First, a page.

Wednesday, 19 January 2022
FOUR thousand hens at a farm near Wargrave are in lockdown because of a national bird flu outbreak.
Strict measures have been introduced by the Government to prevent the spread of highly pathogenic avian influenza, A(H5N1).
H5N1 is a sub-type of influenza which is fatal to birds and has been known to be contracted by humans on rare occasions.
Riverways Farm, off New Bath Road, produces free range eggs. It also has other animals including pigs, alpacas, pygmy goats, ducks and geese and a 15-strong herd of reindeer.
Andrew Cardy, who has run the business for 20 years, said: “It is a misery to have our hens locked up.
“My favourite farm job is letting the chickens out of their barn as they love exploring.
“Keeping them locked up is not what we want for them, being such inquisitive creatures, but we have to keep them protected from this virus.
“We try to keep contact with our hens to a minimum, so we only permit three checks a day.
“This means when I go into their barn, I must wear clean clothes and boots. Boots are sanitised in a bucket before and after entry. We wash our hands and wear protective gowns over our clothes each time we visit the chickens.”
On November 26, it became a legal requirement for all bird keepers, whether they are commercial or domestic, to keep their birds indoors.
The rule was imposed by the Department for Environment, Food and Rural Affairs.
The Animal and Plant Health Agency says the flu strain is highly contagious among birds and in most cases is fatal.
Mr Cardy said: “The disease is being spread around the country by migrating birds.
“While we have not had any alerts of cases near to us, it can spread quickly and could make our hens gravely ill. It is so severe that when one case is reported in a farm, all birds will be culled by Defra, which is extremely sad.”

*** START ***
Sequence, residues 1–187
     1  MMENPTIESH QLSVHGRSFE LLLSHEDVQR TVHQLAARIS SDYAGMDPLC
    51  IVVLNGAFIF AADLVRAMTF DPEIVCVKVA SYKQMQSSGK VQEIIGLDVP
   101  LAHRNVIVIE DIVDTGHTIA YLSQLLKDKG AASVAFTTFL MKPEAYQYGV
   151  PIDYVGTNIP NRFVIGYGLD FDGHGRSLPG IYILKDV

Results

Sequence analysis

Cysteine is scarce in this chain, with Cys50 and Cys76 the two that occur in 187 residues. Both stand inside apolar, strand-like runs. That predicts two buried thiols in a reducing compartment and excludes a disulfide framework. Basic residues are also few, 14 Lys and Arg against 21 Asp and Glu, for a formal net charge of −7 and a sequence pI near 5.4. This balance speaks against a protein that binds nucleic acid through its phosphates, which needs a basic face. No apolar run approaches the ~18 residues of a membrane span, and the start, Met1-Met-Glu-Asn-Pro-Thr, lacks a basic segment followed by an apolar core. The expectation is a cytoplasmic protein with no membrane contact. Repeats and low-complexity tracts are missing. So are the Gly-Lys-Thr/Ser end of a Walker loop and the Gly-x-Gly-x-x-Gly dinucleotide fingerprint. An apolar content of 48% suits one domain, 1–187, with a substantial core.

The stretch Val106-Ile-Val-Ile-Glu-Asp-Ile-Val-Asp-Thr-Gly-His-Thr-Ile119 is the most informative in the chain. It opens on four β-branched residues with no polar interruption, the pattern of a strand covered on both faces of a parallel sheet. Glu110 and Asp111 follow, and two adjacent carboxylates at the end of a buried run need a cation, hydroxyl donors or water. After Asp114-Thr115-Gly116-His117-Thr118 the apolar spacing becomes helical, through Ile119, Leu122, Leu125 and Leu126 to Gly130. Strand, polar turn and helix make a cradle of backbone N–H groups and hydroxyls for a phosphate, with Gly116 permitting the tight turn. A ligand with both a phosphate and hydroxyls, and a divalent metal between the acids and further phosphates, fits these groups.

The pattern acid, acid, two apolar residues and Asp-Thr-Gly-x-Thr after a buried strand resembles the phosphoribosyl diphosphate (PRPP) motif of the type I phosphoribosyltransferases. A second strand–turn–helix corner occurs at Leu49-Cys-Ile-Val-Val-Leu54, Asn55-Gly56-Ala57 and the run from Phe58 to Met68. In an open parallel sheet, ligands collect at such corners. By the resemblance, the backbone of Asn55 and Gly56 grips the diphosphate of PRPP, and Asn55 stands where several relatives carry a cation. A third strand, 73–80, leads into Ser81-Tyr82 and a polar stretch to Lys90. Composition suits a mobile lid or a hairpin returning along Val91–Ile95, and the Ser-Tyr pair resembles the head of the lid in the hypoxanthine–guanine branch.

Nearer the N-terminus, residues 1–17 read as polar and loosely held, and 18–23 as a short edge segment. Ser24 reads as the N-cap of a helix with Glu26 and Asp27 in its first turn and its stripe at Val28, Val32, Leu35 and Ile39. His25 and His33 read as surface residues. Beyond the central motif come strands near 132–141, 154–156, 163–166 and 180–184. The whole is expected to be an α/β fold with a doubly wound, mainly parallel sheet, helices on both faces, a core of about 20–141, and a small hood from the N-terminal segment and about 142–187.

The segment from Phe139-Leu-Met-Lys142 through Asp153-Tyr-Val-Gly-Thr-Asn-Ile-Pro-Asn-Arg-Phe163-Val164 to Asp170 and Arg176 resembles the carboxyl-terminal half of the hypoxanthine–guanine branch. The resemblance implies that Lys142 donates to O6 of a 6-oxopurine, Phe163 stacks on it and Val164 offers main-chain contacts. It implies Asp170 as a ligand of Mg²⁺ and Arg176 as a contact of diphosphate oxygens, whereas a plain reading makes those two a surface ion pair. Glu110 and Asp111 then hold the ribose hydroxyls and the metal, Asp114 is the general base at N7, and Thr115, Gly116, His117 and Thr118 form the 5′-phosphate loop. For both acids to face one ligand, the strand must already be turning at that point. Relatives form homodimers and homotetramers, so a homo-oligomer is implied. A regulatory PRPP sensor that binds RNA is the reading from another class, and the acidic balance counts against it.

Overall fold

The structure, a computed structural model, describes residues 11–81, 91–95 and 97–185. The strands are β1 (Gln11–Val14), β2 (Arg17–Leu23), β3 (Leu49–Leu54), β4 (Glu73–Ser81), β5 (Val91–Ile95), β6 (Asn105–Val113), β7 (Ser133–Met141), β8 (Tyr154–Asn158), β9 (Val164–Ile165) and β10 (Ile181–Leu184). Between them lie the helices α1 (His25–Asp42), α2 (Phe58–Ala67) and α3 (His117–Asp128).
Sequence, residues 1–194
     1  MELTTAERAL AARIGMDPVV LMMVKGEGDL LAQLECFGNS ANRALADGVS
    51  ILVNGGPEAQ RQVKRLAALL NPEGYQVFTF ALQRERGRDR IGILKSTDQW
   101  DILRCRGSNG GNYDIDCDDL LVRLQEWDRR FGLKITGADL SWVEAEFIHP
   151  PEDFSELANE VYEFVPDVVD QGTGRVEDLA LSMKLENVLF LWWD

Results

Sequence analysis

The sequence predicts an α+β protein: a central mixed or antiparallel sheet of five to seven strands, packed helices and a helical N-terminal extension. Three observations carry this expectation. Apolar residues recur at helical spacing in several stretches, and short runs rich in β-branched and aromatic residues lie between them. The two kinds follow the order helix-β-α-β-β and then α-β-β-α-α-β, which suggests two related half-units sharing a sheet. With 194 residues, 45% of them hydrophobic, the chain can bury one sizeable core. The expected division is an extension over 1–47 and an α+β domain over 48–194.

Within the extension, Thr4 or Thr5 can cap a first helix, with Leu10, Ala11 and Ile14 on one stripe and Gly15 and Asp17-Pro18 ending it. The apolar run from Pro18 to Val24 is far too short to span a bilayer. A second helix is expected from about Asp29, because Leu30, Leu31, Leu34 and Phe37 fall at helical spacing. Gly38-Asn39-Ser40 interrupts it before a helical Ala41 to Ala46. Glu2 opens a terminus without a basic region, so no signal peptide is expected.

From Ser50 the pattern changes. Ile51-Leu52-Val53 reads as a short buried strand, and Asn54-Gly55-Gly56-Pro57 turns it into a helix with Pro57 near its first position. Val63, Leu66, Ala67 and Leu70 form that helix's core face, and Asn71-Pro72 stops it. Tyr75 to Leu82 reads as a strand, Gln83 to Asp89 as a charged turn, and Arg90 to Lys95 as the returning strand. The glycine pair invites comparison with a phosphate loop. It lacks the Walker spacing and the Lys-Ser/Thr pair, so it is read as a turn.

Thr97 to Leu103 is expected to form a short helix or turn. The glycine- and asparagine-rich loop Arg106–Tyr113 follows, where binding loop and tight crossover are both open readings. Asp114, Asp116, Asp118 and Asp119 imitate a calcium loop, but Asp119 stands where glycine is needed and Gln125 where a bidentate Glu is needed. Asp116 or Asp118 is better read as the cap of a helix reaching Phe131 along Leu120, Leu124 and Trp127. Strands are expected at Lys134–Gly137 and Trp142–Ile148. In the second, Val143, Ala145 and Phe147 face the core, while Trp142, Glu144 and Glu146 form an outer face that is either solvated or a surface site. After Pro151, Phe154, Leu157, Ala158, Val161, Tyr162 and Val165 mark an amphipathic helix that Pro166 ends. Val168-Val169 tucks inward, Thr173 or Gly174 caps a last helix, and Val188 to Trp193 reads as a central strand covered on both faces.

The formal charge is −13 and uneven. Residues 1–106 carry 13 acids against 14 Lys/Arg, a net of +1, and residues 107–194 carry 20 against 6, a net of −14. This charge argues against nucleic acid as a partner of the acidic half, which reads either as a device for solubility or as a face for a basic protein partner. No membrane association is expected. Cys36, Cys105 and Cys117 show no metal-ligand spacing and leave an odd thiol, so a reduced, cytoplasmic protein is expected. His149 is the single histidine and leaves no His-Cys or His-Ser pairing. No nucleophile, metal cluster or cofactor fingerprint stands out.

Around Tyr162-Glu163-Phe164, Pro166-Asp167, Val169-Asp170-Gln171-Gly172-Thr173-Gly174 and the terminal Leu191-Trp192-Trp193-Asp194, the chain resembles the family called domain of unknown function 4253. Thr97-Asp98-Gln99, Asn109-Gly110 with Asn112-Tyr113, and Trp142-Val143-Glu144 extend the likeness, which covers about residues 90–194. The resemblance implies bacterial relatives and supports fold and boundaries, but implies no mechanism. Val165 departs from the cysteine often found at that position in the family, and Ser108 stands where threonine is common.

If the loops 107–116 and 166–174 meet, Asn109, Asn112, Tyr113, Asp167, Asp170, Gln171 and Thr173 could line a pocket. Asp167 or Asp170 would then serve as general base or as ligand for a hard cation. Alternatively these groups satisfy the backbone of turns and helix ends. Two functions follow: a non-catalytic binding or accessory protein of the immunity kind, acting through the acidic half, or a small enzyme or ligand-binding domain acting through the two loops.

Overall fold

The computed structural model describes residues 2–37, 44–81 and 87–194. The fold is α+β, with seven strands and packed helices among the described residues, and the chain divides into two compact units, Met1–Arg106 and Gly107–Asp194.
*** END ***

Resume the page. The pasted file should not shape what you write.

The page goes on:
The agency has provided a list of symptoms birds present when infected, which include watery eyes, unresponsiveness, lethargy, tremors, respiratory distress such as mouth breathing, swollen or blue-coloured wattles, loss of appetite and a lack of egg production.
Mr Cardy said: “While we conduct required health checks on our hens, I also believe a happy hen is a laying hen. We work really hard so that they are happy inside the barn. Egg quality is usually a direct indicator of whether the hen is happy or not.
“We want our hens to have the best quality of life possible. In winter, they tend not to like venturing out into the cold and rain.
“But the birds are curious by nature and they like to be kept occupied. We have designed things to hang in the barn to stop them getting bored like DVDs, milk bottles filled with grit and toys they can peck at.
“It’s nice to stimulate the hens to stop them getting bored, which they are in lockdown.”
Once the Riverways hens qualify for retirement, the farm looks to rehome them. They usually join families nearby as garden pets.
Mr Cardy advised people keeping hens at home as pets to take protective measures.
He said: “Firstly, it is so important to register your birds with Defra. When there are outbreaks of bird flu you will be alerted immediately and sent regular updates.
“Secondly, you must make sure that your birds are kept locked in their enclosure and do not wander around your garden.
“They should be fed inside their enclosures, which need to be kept as clean as possible. Food encourages wild birds, so you need to prevent contact from wild birds that may be carrying the flu.
“Lastly, make sure you are regularly washing your hands and clothes before and after contact with your birds.”
The agency says avian flu is commonly found in wild swans and geese. Between October 1 and November 29, it recorded 41 geese and 118 swans with the virus.
If you spot a deceased bird or suspect there is a wild bird with avian flu, call Defra on 03459 335577.
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